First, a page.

Lee does not release many records, so each one is a major event. A stunning studio production, Na-Reul is that and more, its nine tracks, as Lee puts it, a "raw and direct" response to the traumatic events of 2020 and the turbulent emotions that accompanied it."-Corbett Vs. Dempsey
"As a norm, I try not to get overly governed by liner notes when tackling a record to review. However, what cellist Okkyung Lee wrote to introduce these nine tracks - composed and autonomously performed by overlapping all the parts - struck me personally and profoundly as the most unfeigned self-analysis from an artist about mental positioning in the current mayhem, and propensity to react in a cursed period for ingenious minds.
The music in question materialized following many months of not being in contact with that cello which, over the years, has been defining Lee's sonic, expressive, and inner universes. For the near-entirety of 2020, the Korean virtuoso was unable or simply not wishing to play. This state of reclusive numbness subsequent to important losses had become - unbeknownst to her - a symbol of the distress of sensitive people suddenly looking at life as something useless, stuffed with horrible occurrences generated by sick brains. Not everyone is capable of smiling fake in the name of an "it's gonna be alright" philosophy one doesn't believe in. There are also insightful realists around.
The last resort for a committed musician is trusting the ability to reconnect with sound, the only entity that never betrays those who respect it. After having been commissioned this recording, Lee's renewed drive gradually started to yield ideas and compositional cues. She went on without dwelling too much on "finesse", trying instead to follow the signs of rebirth that would have pulled her out of the creative stasis, an extremely dangerous condition when the quicksand of depression tries to swallow you up. The resulting episodes, one more beautiful than the other in their often melancholic linearity, represent quite graphically Lee's first steps towards a complete recovery of the management of an inventive act. The cello's full timbral gamut is exposed, from solid pitches to murmurs and undertones, up to the purely rhythmic or noisy components; even the latter possess a deeper intrinsic musicality than usual. The instrument seems to respond to the old friend's touch with emotions of its own, as if grateful to have found again the quintessential energy required for its wood and strings to sing.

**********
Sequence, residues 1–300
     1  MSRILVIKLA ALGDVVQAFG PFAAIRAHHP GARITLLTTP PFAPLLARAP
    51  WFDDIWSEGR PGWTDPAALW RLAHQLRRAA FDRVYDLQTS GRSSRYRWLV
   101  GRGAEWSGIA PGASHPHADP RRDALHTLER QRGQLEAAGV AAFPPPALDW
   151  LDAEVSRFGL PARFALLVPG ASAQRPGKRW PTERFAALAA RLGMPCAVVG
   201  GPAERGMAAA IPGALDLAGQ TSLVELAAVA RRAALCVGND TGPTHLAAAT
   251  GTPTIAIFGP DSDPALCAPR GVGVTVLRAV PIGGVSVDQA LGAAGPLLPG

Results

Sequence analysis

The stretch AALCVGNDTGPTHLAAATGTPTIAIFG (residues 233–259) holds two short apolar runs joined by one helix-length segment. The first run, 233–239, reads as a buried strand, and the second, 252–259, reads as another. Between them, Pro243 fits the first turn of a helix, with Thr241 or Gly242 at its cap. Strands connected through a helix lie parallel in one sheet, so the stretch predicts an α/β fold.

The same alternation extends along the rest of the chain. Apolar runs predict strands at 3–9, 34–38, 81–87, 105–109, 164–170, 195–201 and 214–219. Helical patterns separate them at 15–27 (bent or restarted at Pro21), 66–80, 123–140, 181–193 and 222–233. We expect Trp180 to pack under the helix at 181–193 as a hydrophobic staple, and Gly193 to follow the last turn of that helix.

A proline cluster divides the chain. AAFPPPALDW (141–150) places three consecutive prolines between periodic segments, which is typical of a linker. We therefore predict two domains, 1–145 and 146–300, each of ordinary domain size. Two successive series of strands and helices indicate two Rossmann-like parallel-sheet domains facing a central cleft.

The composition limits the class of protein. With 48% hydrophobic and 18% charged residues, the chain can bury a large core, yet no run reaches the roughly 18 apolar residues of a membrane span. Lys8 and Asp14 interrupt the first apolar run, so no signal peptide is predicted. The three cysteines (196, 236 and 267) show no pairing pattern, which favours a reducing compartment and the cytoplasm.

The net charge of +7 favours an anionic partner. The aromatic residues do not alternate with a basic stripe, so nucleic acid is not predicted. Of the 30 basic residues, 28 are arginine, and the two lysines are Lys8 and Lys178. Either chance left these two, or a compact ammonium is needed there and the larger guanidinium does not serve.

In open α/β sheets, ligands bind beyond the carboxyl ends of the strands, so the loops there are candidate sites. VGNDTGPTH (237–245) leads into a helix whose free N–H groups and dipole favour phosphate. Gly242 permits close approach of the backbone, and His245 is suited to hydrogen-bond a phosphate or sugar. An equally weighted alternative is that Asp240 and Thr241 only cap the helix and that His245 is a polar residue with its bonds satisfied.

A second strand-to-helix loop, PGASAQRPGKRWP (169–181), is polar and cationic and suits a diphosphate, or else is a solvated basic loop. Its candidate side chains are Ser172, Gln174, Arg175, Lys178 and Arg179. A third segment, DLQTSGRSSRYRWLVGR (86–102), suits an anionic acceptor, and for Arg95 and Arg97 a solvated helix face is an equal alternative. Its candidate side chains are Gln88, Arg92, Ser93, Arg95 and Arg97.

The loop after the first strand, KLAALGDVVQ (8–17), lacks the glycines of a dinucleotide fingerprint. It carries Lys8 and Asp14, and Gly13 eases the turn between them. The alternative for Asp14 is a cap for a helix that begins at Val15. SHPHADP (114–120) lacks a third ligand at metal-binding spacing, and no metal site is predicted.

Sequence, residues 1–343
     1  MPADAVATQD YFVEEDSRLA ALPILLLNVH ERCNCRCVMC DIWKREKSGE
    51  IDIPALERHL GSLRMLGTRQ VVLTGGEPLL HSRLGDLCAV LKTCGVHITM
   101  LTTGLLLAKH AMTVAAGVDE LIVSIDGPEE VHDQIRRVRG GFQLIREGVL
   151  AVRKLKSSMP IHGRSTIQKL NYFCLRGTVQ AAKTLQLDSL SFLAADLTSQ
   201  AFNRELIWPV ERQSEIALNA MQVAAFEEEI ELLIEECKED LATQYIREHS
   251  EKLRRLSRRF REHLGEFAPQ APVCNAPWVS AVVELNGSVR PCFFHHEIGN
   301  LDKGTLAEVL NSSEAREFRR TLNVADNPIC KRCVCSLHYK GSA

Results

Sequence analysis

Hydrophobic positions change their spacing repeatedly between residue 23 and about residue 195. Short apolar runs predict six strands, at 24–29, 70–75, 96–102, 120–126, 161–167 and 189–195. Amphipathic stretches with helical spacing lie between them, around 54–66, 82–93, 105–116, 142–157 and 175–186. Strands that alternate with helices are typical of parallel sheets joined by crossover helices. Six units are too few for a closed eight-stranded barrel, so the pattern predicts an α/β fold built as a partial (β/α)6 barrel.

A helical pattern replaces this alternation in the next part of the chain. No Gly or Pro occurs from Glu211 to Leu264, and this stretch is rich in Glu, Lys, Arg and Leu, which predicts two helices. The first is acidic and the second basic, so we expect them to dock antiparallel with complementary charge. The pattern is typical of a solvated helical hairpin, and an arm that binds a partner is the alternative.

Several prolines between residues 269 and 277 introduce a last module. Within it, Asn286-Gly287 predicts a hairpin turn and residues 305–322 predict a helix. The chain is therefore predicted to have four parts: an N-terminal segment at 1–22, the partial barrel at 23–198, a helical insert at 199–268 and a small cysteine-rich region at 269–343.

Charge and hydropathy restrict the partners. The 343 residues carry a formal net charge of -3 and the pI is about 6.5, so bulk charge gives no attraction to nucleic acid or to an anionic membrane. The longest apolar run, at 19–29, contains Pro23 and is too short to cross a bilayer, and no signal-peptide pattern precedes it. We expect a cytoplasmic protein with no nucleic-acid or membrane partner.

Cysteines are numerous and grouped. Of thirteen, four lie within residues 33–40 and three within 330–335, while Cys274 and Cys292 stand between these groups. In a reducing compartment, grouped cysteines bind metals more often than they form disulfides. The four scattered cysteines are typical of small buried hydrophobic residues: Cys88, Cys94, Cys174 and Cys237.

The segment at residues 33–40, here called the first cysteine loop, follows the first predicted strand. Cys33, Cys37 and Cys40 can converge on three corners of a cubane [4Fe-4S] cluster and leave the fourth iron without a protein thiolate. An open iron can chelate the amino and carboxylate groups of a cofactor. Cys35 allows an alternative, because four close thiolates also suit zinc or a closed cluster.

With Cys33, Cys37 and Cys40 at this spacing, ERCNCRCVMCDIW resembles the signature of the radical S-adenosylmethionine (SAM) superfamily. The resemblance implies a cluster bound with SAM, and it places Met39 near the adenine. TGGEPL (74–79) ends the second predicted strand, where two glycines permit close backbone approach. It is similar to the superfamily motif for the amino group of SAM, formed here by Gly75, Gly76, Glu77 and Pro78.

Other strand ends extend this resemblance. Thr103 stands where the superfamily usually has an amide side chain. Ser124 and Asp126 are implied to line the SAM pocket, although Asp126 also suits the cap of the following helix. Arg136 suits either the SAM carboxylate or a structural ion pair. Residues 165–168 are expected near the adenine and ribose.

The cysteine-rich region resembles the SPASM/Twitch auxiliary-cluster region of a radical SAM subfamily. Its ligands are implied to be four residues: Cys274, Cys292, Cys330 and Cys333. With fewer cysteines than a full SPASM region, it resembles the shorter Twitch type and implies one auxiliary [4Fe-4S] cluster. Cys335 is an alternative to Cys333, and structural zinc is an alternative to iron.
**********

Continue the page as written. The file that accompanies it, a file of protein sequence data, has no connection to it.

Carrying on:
I could easily ramble on exquisite pieces such as "Mountains", or the ominously droning ebb and flow of "Grey". But that would be a disservice to the need of considering NA-REUL as a whole body suggesting the reaction force and discipline necessary to continue on a chosen path under frightening circumstances. You will not find gratuitous cheerfulness or cheap positivism herein, certainly not. The influence of suffering made Lee bring out her best just when everything appeared doomed to utter stillness. It's the lone possible answer to those who trigger mass extermination while pretending to be concerned about survivors, and sorry for the dead. A valuable listen and a lesson for us: nothing can erase the healing properties of sound, as long as we can keep our aerials free from the lowest level of human interference."-Massimo Ricci, Touching Extremes
Liner notes by the artist and artwork and design by Christopher Wool.